The Hepatitis B Foundation of Ghana has observed a high rate of Hepatitis B among traders at the Kejetia Market in Kumasi.

Almost 10 percent of over 400 persons screened at the market were infected.

Information on the prevalence, knowledge and attitude towards the Hepatitis B virus infection among the traders also remain low.

Hepatitis B, known as the “secret killer,” is a major threat to health globally.

However, complacency has prevented people from ascertaining their Hepatitis B status.

Many have not experienced any sign or symptom, thus they assume they are healthy.

From 2015 to date, recorded cases of Hepatitis B infection have been high compared to statistics from previous years.

Data from the Hepatitis Foundation of Ghana reveals one out of 10 people is found to be infected with Hepatitis B.

Richard Nii Amo Laryea is Secretary of the Hepatitis Foundation of Ghana.

“Traders who trade in sharp objects or wares that are sharp are at risk. The mode of transmission is contaminated blood and fluid. It’s anything that can spread blood from one person to the other. Hepatitis cannot be transferred through food. But we can get Hepatitis A, D or E through contaminated food and water.  It’s very important we protect ourselves from the Hepatitis B and C especially,” he cautioned.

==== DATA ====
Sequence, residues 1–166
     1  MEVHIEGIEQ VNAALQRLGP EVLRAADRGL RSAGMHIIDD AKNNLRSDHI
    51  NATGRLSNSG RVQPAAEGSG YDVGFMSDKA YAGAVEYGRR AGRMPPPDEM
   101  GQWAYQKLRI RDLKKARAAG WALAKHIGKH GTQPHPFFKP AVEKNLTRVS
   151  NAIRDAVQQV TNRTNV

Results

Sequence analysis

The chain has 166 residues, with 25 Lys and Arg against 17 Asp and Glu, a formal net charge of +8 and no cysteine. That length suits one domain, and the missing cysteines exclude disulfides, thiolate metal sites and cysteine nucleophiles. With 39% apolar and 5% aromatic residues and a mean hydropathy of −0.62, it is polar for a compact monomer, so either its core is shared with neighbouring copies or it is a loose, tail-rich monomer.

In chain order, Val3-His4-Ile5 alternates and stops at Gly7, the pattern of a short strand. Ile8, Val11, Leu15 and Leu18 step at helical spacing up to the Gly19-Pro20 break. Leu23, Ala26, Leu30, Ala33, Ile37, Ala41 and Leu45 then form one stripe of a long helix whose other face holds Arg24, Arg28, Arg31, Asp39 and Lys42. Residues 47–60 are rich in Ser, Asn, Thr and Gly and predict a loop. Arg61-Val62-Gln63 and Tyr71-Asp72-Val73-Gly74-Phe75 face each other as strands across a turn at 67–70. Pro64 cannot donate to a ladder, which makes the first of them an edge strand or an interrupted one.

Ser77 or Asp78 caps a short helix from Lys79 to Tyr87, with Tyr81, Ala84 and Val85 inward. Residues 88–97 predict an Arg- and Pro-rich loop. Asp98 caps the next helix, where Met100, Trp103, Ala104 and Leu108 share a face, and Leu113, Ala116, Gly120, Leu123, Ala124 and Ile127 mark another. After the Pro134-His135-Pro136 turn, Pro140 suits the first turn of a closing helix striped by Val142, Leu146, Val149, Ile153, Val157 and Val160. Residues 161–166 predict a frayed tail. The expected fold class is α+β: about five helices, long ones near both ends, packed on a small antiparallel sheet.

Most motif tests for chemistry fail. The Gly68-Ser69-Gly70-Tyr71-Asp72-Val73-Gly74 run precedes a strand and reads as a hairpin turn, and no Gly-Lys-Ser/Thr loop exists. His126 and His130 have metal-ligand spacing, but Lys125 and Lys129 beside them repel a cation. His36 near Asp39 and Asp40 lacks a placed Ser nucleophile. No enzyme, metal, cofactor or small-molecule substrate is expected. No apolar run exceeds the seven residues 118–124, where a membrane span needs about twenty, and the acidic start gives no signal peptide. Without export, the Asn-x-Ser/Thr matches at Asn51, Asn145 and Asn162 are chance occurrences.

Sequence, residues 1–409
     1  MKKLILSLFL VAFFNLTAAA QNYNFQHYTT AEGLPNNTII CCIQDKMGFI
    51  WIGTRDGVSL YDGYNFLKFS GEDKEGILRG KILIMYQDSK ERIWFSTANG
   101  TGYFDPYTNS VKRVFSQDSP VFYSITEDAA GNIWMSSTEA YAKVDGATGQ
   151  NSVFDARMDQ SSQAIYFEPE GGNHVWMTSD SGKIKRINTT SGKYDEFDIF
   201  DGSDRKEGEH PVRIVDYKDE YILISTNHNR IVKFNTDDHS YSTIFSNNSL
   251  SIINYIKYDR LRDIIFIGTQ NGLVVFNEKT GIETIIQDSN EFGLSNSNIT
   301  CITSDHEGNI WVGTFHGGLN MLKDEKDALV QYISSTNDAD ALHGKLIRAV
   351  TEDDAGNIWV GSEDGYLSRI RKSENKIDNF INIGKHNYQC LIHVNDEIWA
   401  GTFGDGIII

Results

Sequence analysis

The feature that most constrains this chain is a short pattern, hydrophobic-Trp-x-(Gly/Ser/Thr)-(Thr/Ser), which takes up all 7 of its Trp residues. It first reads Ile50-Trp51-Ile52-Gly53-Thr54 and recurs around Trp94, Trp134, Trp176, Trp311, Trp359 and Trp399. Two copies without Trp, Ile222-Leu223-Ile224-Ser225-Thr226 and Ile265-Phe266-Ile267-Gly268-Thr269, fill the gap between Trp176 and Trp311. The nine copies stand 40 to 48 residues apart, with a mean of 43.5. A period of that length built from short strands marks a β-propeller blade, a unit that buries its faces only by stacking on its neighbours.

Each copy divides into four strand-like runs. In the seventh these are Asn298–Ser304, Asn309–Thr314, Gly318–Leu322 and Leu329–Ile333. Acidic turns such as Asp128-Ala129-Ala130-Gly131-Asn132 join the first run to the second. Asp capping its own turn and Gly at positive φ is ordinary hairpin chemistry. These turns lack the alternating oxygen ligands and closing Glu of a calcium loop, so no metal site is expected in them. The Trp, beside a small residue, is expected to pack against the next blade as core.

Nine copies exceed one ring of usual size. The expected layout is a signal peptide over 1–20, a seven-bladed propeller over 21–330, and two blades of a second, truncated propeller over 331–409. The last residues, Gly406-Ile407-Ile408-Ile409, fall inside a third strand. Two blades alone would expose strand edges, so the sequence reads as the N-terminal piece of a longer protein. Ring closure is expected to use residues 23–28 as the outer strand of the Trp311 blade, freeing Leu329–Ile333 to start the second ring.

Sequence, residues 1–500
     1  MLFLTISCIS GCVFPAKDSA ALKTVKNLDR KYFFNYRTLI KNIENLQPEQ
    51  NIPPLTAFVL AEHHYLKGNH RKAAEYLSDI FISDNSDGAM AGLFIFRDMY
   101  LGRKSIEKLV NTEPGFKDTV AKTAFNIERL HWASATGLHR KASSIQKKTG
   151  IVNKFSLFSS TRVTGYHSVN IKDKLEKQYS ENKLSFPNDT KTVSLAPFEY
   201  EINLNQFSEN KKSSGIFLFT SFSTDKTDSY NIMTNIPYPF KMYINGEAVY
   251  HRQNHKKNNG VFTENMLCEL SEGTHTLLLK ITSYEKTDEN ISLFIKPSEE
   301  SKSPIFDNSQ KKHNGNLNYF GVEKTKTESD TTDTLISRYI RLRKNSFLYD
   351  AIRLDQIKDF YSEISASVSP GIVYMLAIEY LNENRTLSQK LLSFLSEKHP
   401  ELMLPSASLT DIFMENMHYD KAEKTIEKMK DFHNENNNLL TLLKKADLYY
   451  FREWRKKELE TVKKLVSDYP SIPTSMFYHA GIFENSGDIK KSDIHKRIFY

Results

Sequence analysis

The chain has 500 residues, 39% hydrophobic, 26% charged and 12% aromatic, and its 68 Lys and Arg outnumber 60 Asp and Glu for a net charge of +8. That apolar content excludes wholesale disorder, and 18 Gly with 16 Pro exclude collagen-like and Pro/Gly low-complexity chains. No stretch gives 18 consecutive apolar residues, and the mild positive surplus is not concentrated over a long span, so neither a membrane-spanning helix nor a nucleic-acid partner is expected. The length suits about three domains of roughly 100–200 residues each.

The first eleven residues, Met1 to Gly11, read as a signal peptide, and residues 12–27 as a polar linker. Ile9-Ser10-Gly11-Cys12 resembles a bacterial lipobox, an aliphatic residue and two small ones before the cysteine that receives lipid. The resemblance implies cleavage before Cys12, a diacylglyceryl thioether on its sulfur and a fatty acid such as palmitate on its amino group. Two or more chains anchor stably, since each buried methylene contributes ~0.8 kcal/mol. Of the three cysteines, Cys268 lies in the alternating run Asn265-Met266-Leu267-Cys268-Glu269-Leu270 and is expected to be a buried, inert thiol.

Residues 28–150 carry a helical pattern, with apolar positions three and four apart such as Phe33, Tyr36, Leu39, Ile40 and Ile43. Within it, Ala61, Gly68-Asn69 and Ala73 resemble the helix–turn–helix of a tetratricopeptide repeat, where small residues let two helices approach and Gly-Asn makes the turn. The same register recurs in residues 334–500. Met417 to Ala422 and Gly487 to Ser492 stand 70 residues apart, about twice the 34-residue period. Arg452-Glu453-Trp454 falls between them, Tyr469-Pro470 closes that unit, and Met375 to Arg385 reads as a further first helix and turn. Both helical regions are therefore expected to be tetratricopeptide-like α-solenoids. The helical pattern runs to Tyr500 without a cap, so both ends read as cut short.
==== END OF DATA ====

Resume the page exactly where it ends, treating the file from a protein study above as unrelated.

The Foundation offered free screening for traders at the Kejetia Market.

Of the 410 traders screened, 33 were found to be infected with the Hepatitis B disease.

The Foundation says this is the highest number they have ever recorded in a market sensitization programme, compared to the nationwide 1:10 rate of infection.

The Foundation fears the impact it may have on families.

“The traders working here, I know they have families back home. Imagine an infected person goes home and transfers to his family members. It will be a burden. It is important they protect themselves in their working environment, which is this market,” he advised.

Among the traders, there is a general low level of knowledge and poor attitude towards the infection.

The Hepatitis Foundation of Ghana promises to intensify free market vaccination and sensitization programmes.